Common Sauna Problems
A well-crafted sauna will give you years of trouble-free use. Solid wall construction, proper insulation, a durable vapor barrier, and quality carpentry will help your sauna last a lifetime. Proper care and maintenance, discussed on page 99, will also ward off problems before they occur.
Assuming you have a well-built sauna, any problems you encounter are probably going to be related to the heater, controls, or electrical system. The following table presents some problems and solutions, but if the situation gets dire, youll probably need to call in a licensed electrician.
PROBLEM CAUSE SOLUTION
There is no power. Cords are unplugged. Check the connections to make sure they are secure.
Circuit breaker has tripped. Check the breaker box and flip the switch if needed.
The breaker or fuse box is tripping. Amperage is wrong. Make sure that the amperage for the breaker is the same as the amperage for the sauna.
The circuit is overloaded. Make sure that the circuit is not overloaded. The sauna should have its own circuit with nothing else connected to it.
The heater isnt working. Overload switch is tripped. Press the reset button for the overload switch. The owners manual for your heater will indicate where the switch is located.
Thermostat is set too low. Adjust the thermostat.
The heating element is burned out, theres a short in the electrical circuit, or the control panel is malfunctioning. If the heater isnt working or isnt generating the high temperatures it once did, call in a qualified electrician to inspect the unit. Dont attempt to take apart the heater or the electrical box yourself, unless you have the tools and training to make heater repairs.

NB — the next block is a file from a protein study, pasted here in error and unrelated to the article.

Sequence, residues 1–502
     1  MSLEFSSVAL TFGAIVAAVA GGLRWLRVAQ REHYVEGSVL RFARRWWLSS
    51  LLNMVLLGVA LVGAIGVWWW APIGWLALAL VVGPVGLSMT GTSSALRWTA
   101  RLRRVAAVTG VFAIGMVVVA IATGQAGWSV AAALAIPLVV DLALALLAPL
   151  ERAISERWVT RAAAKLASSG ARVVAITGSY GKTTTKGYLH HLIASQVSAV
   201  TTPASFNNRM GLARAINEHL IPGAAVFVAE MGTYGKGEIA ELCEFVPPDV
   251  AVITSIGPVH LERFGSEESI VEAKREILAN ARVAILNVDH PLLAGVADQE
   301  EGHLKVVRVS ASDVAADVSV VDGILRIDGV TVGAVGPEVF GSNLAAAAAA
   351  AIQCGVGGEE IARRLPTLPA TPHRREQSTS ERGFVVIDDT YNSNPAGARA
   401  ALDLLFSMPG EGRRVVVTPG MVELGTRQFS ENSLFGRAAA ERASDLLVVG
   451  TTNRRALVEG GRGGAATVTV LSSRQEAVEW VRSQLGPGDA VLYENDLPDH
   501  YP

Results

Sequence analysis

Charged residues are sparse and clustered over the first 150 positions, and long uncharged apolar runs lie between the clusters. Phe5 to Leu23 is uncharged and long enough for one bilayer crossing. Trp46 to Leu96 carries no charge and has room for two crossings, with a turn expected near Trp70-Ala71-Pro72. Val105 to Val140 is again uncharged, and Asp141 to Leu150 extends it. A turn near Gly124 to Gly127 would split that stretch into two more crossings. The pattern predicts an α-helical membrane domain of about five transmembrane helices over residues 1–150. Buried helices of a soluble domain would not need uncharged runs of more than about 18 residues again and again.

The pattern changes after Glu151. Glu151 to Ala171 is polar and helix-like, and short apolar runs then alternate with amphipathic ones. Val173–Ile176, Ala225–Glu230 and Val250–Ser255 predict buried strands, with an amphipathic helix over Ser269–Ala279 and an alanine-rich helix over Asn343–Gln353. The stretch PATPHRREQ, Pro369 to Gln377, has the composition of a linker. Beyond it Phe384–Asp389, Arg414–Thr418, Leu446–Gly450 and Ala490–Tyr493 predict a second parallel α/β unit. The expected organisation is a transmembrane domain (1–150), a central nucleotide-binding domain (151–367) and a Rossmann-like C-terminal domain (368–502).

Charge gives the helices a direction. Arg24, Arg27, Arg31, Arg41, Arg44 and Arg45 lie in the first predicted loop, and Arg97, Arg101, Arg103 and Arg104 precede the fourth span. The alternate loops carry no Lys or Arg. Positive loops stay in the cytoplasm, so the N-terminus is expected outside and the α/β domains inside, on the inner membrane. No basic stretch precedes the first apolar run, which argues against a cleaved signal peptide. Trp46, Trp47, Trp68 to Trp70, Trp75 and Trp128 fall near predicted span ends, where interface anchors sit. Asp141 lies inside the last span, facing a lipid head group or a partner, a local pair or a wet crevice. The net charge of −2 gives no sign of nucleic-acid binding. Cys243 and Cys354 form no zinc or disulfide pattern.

Rocks are disintegrating. The rocks are old. Expect to replace the heater rocks every 5 to 10 years. Periodically remove all stones from the heater and clean the trough. Look for any cracked or broken rocks. Do not allow broken rocks to remain in the trough. Over time, the grit they produce can damage the heater.
Rocks are dirty.
Light is not working.
The wood is discolored.
Something other than clean water was spilled on them.
The bulb is burned out.
If the light is connected to the control panel, it may have been manually turned off.
The sauna has darkened with age.
The wood is stained.
Clean the rocks after they have completely cooled. Soak them in a soapy (light detergent) mixture of warm water. Wash them off with a sponge, then rinse them in clean water and allow them to dry before placing them back in the heater. Meanwhile, clean the heater of the foreign substance. Gradually build heat in the sauna to totally dry the rocks.
Disconnect the main power supply from the sauna and change the lightbulb.
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